Some things that contribute to too much thatch accumulation could range from picking a type of grass that is a vigorous grower, applying too much fertilizer in the spring when most of it goes to top growth of your lawn, mowing infrequently or when the soil is compacted. The idea is to prevent large deposits of grass at one time. Grass that is not healthy  does not contribute to  decomposing  thatch. Other things that impede the decomposition of thatch: letting your lawn go dormant or using pesticides.  Things that naturally help thatch decompose are active microorganisms, earthworms and insects which lawn pesticides harm and that healthy soil supports.

Prevention of  thatch development includes regular mowing. An example of this would be, if you want to keep your grass two and a half inches tall, then mow it when it is three and a half inches tall. Smaller grass clippings will decompose faster.   Also, fertilizing in the fall helps the grass more by encouraging it to develop healthy root system. Fertilizing in the spring only encourages top growth which creates more mowing! ( waste of some good money ! ) Lastly, compacted soil and soils that don’t drain well accumulate thatch. Enter into the next topic which is aeration.

Aeration is the cure for compacted soils. Soils become compacted from years of foot traffic or dog runs. They can also be a result of builders removing healthy topsoil and filling it with leftover building materials  such as boards (evidenced by seeing mushrooms grow on the decaying wood), leftover concrete and even beer cans.  Years of accumulated thatch contributes by destroying the crowns of the grass. Aeration combats this and it also helps the individual grass plants. The plugs of ground left from aeration break down and begin the process of increasing the soils microbial activity ( good fungi, bacteria, insects etc). Also increasing the oxygen content of the soil improves their living conditions.  These critters are essential for healthy soil. They are part of the aeration cycle as you will see below.

When the soil is compacted, the roots are not able to develop deeply  thereby by making them stick to the surface and less likely to survive short periods of drought. Core aerating  removes plugs  of soil creating channels for air and water movement. You have heard me say this before and it bears repeating, aeration is the most important thing that you can do for your lawn and for your plants. Bear with me as we travel back to high school biology, where we were taught that plants make food through the process called photosynthesis. In order to use the food that they make they need the process of respiration which uses oxygen. Plants receive oxygen at their roots. Gas exchange occurs at the roots. It is at the roots where the root hairs receive oxygen and there they also release carbon dioxide. Good gas in and bad gas out.  If there are not enough air channels in the soil this will not occur, and the plants will eventually die from suffocation.  Aeration and enough organic matter in the soil, leave these air channels open. The newly established channels also serve as a way for water to go down as well. Healthy roots also keep the grass less susceptible to disease, similar to the idea that healthy people are less likely to get sick. At this level the roots will begin to drink deeply helping them survive those short periods of drought. This process takes time but eventually  you water less  because  the grass uses the water more efficiently.  The plugs that have been removed and sit on top of the grass  are available to decompose which helps to add organic matter back to the soil . It will take longer than using dethatching with aeration, but aerating only can accomplish the same by eventually breaking down the thatch as well. It is vital to keep your soil from becoming compacted again. Aeration keeps the underground healthy. Take care of the roots and the plantwill take care of themselves.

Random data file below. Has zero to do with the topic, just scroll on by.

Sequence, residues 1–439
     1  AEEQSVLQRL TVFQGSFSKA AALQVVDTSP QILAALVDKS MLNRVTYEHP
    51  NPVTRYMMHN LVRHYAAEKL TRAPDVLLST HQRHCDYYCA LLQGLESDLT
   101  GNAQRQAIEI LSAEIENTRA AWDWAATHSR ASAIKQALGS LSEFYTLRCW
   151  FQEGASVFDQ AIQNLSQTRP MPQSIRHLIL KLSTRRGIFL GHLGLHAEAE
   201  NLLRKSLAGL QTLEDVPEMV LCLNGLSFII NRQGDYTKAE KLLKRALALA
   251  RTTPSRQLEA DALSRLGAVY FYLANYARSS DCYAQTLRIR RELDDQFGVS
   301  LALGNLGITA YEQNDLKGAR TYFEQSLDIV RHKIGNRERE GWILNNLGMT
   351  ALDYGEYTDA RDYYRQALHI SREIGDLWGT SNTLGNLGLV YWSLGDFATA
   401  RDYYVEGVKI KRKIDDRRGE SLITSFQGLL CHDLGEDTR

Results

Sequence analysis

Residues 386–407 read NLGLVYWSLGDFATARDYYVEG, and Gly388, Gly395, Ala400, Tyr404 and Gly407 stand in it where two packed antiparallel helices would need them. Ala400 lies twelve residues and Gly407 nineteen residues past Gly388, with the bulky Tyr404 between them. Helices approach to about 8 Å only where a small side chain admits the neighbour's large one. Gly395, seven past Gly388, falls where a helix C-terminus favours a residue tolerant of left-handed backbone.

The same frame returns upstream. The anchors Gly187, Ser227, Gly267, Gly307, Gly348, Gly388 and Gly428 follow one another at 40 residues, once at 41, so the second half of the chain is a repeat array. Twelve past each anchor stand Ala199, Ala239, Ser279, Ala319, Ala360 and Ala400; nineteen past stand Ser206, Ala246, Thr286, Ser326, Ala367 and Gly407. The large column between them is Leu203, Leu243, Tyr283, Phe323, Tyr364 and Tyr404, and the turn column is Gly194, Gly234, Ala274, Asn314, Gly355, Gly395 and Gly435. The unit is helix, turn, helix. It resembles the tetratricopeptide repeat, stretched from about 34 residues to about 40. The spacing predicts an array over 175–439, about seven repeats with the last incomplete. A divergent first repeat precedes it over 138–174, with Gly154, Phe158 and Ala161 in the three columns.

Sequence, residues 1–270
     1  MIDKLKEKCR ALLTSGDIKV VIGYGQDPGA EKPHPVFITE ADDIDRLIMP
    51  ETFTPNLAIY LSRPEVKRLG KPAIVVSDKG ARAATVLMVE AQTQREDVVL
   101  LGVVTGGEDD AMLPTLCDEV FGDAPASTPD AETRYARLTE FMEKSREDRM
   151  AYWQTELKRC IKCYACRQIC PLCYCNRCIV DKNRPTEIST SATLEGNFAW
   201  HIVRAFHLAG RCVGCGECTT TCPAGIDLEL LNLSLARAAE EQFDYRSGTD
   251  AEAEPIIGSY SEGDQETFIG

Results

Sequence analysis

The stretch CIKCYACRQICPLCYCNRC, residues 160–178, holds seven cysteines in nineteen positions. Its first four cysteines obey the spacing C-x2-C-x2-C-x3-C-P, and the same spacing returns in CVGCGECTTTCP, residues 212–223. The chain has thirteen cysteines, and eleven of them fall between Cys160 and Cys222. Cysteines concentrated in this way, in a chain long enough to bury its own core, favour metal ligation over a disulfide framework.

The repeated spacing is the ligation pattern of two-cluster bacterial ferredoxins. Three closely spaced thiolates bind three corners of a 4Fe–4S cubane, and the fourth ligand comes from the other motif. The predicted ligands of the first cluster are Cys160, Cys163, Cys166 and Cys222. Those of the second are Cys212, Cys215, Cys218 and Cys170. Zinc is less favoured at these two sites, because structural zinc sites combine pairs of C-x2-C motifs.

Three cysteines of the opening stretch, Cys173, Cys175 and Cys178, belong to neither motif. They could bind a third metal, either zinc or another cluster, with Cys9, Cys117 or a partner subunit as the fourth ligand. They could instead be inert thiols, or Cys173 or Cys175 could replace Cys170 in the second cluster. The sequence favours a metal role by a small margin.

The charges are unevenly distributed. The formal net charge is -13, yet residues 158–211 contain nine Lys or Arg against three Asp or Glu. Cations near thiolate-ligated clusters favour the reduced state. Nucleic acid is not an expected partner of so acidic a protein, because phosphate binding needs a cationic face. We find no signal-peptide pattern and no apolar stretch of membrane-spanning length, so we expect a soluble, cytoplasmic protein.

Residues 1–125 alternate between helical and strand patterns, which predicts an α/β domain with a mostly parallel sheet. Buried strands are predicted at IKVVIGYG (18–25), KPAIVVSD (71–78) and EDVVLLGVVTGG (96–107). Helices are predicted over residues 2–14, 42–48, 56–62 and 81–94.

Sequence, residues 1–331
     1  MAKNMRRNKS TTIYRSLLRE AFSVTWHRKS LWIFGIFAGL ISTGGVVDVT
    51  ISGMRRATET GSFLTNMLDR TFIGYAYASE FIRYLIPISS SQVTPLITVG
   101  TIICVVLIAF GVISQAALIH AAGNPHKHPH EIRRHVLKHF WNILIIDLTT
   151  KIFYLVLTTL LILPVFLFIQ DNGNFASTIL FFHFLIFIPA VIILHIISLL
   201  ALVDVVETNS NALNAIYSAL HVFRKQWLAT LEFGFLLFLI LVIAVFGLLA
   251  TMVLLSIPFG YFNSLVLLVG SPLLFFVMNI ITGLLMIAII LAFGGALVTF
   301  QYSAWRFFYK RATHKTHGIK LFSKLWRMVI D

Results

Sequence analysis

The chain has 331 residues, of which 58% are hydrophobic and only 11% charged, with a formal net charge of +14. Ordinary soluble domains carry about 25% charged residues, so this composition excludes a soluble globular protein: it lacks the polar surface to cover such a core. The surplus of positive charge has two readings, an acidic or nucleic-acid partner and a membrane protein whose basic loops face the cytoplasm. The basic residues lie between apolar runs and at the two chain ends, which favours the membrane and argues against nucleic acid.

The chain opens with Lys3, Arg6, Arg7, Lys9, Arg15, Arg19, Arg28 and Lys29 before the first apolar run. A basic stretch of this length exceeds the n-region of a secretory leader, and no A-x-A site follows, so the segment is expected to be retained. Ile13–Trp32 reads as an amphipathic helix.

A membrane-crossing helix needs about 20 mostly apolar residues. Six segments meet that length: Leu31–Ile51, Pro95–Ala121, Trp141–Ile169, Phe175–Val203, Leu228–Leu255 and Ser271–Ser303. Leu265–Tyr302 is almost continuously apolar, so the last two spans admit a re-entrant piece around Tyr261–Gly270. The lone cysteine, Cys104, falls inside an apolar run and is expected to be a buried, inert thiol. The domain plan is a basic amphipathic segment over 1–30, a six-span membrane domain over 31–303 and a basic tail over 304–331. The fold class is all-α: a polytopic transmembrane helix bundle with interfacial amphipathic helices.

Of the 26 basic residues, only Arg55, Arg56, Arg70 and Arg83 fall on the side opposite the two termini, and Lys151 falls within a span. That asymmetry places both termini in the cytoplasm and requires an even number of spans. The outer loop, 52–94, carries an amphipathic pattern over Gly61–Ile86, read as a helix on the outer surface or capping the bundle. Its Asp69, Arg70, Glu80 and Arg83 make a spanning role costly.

Gardens also benefit from aeration. The most common way to do this is to regularly apply organic matter back to the dirt. This includes most anything that has been composted, ranging from raw kitchen scraps, yard waste, old newspaper or purchased compost, but never the use of animal products. Gardens can also benefit from actual aeration which you can do by wearing the devices that you strap on your shoe with spikes on them to avoid slipping on the ice. Use these to walk around your garden area.

Master Gardeners of Greater Kansas City hotline (serves Platte, Clay and Jackson counties) 816-833-8733   or email mggkc.hotline@gmail.com